Although I started and actually learnt the basketball skills through interaction with the affluent peers in my neighborhood, the affluent neighborhood was never free of discrimination. Thus while at the level of children and peer interactions, there seemed to be no class differences, the parents often reminded their sons and daughters to interact with children who are equal to them in terms of class. Thus, at times, my peers could be summoned by their caretakers and asked not to interact with me. So great were the differences that even during political campaigns, the differences in class often manifested as each class sought to champion their course by choosing one of their own for political representation. What is most interesting was that during sports competition, I represented families from the entire state and my star in basketball brought reputation that both the medium and upper class in the Upper Eastern of New York city wanted to identify with. Thus when it came to positive achievement by the racial minority and the middle class, the upper class wanted corporate identification with the successes but the case was not the same when it came to other forums. In school, church, shopping centers, the differences between the middle class and the propertied upper class was quite imminent. Thus the Manhattan community, though exposed me to some positive encounters, it also introduced me to a clear observation of the true manifestation of real social stratification in our society.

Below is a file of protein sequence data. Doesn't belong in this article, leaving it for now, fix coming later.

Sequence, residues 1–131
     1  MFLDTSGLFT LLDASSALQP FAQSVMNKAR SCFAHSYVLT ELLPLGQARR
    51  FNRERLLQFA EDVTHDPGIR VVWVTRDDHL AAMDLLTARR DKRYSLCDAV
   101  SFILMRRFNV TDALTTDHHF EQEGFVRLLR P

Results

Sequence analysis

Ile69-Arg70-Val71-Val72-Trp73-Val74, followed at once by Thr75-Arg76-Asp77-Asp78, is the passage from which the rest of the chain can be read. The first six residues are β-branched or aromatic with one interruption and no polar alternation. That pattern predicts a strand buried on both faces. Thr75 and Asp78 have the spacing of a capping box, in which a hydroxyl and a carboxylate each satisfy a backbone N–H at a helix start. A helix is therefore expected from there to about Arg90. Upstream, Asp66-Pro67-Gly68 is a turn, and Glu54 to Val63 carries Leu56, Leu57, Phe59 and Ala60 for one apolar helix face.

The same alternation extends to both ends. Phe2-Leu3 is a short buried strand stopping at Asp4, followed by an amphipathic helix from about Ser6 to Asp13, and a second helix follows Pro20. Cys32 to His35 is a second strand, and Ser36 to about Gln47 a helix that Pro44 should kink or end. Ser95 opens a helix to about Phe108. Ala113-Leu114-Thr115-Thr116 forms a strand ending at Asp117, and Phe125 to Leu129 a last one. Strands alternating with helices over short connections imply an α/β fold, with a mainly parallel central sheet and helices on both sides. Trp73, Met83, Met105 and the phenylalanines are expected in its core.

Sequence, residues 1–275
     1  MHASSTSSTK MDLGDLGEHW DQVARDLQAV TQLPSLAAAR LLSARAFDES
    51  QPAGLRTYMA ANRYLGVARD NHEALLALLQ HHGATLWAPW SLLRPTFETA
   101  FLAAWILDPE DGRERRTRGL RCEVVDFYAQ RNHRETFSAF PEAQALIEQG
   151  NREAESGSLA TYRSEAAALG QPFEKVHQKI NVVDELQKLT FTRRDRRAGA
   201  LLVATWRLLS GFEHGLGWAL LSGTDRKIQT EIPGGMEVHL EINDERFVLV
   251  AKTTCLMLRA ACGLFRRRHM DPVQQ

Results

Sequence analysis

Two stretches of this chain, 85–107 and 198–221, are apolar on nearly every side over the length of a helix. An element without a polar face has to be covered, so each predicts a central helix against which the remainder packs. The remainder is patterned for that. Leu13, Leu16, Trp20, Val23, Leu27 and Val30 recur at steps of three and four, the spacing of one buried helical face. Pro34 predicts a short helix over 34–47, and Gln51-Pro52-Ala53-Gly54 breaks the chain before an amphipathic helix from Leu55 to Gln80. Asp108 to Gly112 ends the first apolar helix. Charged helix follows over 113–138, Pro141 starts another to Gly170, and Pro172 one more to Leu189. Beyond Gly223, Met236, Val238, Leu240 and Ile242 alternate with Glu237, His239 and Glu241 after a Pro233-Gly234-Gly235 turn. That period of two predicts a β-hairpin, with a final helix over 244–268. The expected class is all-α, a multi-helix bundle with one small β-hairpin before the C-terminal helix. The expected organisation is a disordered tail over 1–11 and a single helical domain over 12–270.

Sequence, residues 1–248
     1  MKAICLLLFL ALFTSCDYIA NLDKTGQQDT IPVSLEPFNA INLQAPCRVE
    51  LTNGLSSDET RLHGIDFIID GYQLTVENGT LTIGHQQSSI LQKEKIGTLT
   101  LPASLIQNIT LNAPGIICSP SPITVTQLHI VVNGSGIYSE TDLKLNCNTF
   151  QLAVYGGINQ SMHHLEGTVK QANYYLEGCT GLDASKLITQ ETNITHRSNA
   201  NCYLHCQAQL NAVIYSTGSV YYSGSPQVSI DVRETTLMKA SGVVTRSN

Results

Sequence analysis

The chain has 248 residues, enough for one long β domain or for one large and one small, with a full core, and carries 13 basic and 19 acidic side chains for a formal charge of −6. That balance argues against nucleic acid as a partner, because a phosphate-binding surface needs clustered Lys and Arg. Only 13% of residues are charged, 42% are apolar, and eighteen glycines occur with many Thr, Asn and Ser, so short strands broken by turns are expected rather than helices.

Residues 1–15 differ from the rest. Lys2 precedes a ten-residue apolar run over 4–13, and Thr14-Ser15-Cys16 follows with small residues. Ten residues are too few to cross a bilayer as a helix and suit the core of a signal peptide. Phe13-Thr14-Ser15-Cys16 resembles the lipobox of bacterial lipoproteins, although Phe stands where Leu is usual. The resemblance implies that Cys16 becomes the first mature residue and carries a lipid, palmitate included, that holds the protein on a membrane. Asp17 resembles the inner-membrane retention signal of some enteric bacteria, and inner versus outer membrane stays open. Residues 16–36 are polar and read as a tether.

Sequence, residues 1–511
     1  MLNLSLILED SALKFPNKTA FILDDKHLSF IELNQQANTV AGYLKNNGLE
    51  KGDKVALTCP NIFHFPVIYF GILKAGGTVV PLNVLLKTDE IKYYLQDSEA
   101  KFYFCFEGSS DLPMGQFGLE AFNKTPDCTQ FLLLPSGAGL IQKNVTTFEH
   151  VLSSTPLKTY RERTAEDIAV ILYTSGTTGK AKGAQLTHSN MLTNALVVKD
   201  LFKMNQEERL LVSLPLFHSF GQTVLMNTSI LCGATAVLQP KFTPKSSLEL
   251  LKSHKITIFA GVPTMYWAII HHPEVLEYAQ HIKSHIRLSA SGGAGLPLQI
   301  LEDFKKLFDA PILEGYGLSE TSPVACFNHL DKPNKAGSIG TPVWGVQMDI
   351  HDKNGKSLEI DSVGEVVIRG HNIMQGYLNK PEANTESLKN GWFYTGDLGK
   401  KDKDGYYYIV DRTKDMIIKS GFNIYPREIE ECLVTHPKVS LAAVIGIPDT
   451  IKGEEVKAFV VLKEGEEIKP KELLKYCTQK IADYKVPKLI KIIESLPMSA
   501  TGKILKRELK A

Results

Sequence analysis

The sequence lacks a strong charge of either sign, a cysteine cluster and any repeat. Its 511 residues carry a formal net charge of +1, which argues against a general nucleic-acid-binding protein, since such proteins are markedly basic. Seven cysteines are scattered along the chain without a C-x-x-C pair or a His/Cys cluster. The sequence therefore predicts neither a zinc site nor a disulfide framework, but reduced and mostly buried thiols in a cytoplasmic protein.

Upper East of New York City is one of the most populated, political, and cultural and religious centers of the entire New York City. The experience I had in Manhattan introduced to some of the memorable moments, especially the explicit manifestation of real social stratification. Class uniformity was only visible when the low and middle class had exemplary achievements like being celebrities. Without such, one can argue that the Upper Eastern of New York City is the most cosmopolitan and most socially heterogeneous. Nonetheless, the skills I learnt while living in the Upper Eastern of New York City are most memorable to date.